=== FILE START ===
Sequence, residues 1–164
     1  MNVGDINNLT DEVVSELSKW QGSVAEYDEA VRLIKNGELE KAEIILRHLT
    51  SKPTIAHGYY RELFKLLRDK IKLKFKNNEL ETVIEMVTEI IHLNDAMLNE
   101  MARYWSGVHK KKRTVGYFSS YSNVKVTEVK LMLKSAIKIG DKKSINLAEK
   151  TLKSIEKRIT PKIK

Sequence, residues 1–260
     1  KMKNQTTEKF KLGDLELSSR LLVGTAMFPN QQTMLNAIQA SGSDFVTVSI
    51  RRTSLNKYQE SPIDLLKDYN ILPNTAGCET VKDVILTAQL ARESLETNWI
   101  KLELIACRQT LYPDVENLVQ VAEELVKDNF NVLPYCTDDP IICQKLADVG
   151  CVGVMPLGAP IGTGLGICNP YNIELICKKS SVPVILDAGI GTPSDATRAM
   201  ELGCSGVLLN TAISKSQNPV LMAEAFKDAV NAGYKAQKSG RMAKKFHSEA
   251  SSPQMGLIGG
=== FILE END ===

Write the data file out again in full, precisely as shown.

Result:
Sequence, residues 1–164
     1  MNVGDINNLT DEVVSELSKW QGSVAEYDEA VRLIKNGELE KAEIILRHLT
    51  SKPTIAHGYY RELFKLLRDK IKLKFKNNEL ETVIEMVTEI IHLNDAMLNE
   101  MARYWSGVHK KKRTVGYFSS YSNVKVTEVK LMLKSAIKIG DKKSINLAEK
   151  TLKSIEKRIT PKIK

Sequence, residues 1–260
     1  KMKNQTTEKF KLGDLELSSR LLVGTAMFPN QQTMLNAIQA SGSDFVTVSI
    51  RRTSLNKYQE SPIDLLKDYN ILPNTAGCET VKDVILTAQL ARESLETNWI
   101  KLELIACRQT LYPDVENLVQ VAEELVKDNF NVLPYCTDDP IICQKLADVG
   151  CVGVMPLGAP IGTGLGICNP YNIELICKKS SVPVILDAGI GTPSDATRAM
   201  ELGCSGVLLN TAISKSQNPV LMAEAFKDAV NAGYKAQKSG RMAKKFHSEA
   251  SSPQMGLIGG